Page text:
Who’s joining us? Ardbeg and Brendan McCarron, head of maturing whisky stocks for Ardbeg (and sister distillery Glenmorangie) ,for an Ardbeg Day tasting. You can also join the distillery at 7pm on Facebook for its first-ever online Ardbeg Day!

What whisky will we be tasting? Ardbeg 10An Oa and Blaaack. 

When is it? Saturday 30 May at 3pm.


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Everything you wanted to know about peat

It’s been a smoky week on the blog with news of the expansion at Kilchoman and a new release from Ardbeg. Therefore, we thought it would be a good idea to take…

It’s been a smoky week on the blog with news of the expansion at Kilchoman and a new release from Ardbeg. Therefore, we thought it would be a good idea to take a closer look at the ingredient that gives them their unmistakable flavour. So, here’s every question you’ve ever wanted to ask about peat, answered by whisky experts…

Ah, heavily-peated whisky. The great divider. The Marmite of the spirits world, if you will. For every die-hard Islay aficionado with a penchant for eye-wateringly medicinal, TCP-esque drams, there’s a bourbon connoisseur who wouldn’t clean their boots with the stuff. Such is life, and such is whisky.

Whatever your personal preference, you’re likely to have a few burning (ha) questions about the peat, specifically the mechanics involved in flavouring whisky with it. So, to quench your thirst for knowledge, we approached a selection of whisky experts to get the 4-1-1 on what is, essentially, thousands of years’ worth of decaying vegetation. Behold!

The floor malting at Benriach

Where does peat come from?

Peat is formed in cold wetlands from partly decomposed vegetation – shrubs, heather, bog myrtle, forests – over thousands of years, explains Dr. Rachel Barrie, master distiller at BenRiach Distillery. It tends to be found close to the coast, “having formed when seas flooded the landscape, trapping the vegetation,” she explains. “Cellulose, lignin and other plant components decompose slowly over a seriously long time, due to the lack of oxygen being trapped underwater.” Grass, wood and moss break down in the peat, making it a very good fuel, as well as a source of smoky aromatics. Peat is found all over the world, “but is especially prevalent in the Northern hemisphere in places like Canada, Siberia and in particular Ireland and Scotland,” adds Cameron Ewen, bar manager and senior whisky ambassador in Edinburgh’s Balmoral Hotel.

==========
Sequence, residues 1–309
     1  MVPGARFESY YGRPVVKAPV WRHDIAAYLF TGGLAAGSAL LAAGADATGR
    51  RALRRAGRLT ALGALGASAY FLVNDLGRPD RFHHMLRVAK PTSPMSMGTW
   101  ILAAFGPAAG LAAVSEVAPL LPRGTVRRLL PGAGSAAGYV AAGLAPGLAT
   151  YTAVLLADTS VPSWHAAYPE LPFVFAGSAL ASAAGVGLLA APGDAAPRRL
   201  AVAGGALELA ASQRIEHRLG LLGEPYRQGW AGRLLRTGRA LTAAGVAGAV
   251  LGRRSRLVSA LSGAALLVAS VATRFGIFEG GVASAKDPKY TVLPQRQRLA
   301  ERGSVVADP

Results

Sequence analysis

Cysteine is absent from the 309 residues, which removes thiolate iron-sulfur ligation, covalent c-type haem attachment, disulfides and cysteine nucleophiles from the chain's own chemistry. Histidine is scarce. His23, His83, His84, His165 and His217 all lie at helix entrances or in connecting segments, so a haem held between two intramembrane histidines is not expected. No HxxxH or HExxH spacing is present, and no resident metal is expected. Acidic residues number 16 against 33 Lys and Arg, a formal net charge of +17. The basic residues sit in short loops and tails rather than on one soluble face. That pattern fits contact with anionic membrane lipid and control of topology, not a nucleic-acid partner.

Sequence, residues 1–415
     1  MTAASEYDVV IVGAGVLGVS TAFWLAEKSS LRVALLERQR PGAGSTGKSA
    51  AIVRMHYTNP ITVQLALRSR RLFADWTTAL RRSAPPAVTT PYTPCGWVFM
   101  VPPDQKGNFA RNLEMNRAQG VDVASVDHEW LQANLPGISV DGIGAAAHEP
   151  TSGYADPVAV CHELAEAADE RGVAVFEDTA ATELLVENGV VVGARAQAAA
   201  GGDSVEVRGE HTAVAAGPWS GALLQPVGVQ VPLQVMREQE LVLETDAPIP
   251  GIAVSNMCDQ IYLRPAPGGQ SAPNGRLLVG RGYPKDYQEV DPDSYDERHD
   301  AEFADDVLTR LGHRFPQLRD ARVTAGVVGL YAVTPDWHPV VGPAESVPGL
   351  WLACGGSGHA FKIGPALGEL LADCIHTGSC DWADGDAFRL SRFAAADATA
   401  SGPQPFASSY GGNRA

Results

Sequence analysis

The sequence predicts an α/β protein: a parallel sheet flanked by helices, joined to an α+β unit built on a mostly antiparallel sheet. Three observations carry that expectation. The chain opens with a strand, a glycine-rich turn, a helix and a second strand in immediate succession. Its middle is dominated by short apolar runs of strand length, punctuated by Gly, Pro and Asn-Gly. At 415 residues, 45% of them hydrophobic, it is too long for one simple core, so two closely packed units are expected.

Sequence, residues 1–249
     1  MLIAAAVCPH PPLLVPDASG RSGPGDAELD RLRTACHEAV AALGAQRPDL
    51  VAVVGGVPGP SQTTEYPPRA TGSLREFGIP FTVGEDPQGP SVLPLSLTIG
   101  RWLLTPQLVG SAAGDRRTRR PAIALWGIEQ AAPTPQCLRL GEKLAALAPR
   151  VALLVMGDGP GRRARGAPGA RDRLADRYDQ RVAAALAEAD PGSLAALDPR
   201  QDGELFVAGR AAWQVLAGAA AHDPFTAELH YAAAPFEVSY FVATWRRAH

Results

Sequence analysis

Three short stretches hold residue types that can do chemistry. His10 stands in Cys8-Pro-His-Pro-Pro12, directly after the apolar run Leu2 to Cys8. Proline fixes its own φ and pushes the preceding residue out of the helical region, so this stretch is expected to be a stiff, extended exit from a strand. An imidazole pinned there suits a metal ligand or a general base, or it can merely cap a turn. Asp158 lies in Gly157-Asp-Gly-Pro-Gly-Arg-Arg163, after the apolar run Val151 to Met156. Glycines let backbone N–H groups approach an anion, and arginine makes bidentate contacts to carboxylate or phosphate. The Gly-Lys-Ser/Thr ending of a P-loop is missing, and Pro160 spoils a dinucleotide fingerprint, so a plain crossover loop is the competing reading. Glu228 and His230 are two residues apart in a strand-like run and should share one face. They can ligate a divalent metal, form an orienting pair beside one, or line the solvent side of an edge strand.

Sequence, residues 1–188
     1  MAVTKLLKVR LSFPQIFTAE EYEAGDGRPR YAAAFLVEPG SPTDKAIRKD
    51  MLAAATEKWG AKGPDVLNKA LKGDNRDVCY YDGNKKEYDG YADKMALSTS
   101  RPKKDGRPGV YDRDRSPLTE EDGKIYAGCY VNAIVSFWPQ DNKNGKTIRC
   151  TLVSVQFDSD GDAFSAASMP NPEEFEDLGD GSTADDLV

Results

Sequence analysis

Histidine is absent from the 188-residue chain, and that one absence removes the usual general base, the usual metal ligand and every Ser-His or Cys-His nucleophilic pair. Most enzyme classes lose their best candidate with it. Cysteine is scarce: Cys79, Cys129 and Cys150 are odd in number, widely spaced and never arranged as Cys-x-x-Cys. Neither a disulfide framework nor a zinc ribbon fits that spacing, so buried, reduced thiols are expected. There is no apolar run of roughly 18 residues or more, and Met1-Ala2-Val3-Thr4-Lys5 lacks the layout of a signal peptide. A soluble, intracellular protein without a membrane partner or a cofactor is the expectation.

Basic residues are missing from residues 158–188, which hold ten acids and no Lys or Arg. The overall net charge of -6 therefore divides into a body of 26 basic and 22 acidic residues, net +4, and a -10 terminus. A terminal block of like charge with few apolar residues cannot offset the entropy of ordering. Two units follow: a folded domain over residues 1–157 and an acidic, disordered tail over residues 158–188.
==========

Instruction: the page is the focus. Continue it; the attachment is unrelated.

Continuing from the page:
Does peat exhibit terroir?

Peat exhibits the ‘terroir’ of the plant material trapped and compressed under swampy wetland, decomposing over thousands of years, says Dr Barrie. “As well as plant material, it’s influenced by the water that flooded the land,” she continues. As such, the peat found in the north east of Scotland differs to peat found on Islay, due to the higher proportion of forests and less wetlands. Not only do the Western Isles feel the full force of the Atlantic Ocean, says Ewen, but the peat on Islay also has a higher proportion of seaweed. By contrast, “northern peat tends to be more floral with decomposing heather and gorse playing important roles in this peat,” he explains. “This will usually give the whisky a drier smoky character more akin to a bonfire. The peat dug from mainland Scotland is composed mostly of leaves, grasses and woods. This usually lends a very soft smoke to the whisky often due to the amount of peat being used.”

Peat cut in the Scottish Highlands

How is peat harvested?

Traditionally, peat has been dug by hand, says Anthony Wills, founder and managing director of Islay’s Kilchoman Distillery, with machines introduced more recently as demand has increased. First, the top layer of turf would be peeled away, and then a trench anywhere from 0.5 metres to 2 metres deep would be dug, says Ewen. “Peat was then cut out of this trench and stacked in the fields to dry,” he says, usually for about six months until it became brittle. “This peat is then used in traditional kilns – oven-like structures capable of holding tonnes of damp barley – and the peat is burned to produce an aromatic smoke that dries the barley and gives the final whisky its distinct quality,” Ewen adds.

How and when are ‘phenols’ released?